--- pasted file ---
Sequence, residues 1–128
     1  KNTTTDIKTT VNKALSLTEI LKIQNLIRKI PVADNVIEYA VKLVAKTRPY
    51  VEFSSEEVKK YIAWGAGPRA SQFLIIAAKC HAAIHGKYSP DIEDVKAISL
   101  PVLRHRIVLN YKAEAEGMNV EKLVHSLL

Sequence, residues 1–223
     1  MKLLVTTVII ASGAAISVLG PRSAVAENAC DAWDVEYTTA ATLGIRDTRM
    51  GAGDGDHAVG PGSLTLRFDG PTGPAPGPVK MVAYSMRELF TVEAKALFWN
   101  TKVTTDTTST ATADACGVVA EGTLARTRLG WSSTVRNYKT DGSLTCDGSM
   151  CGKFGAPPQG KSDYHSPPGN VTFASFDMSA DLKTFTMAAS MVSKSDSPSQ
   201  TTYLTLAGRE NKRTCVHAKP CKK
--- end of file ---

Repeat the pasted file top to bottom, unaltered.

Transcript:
Sequence, residues 1–128
     1  KNTTTDIKTT VNKALSLTEI LKIQNLIRKI PVADNVIEYA VKLVAKTRPY
    51  VEFSSEEVKK YIAWGAGPRA SQFLIIAAKC HAAIHGKYSP DIEDVKAISL
   101  PVLRHRIVLN YKAEAEGMNV EKLVHSLL

Sequence, residues 1–223
     1  MKLLVTTVII ASGAAISVLG PRSAVAENAC DAWDVEYTTA ATLGIRDTRM
    51  GAGDGDHAVG PGSLTLRFDG PTGPAPGPVK MVAYSMRELF TVEAKALFWN
   101  TKVTTDTTST ATADACGVVA EGTLARTRLG WSSTVRNYKT DGSLTCDGSM
   151  CGKFGAPPQG KSDYHSPPGN VTFASFDMSA DLKTFTMAAS MVSKSDSPSQ
   201  TTYLTLAGRE NKRTCVHAKP CKK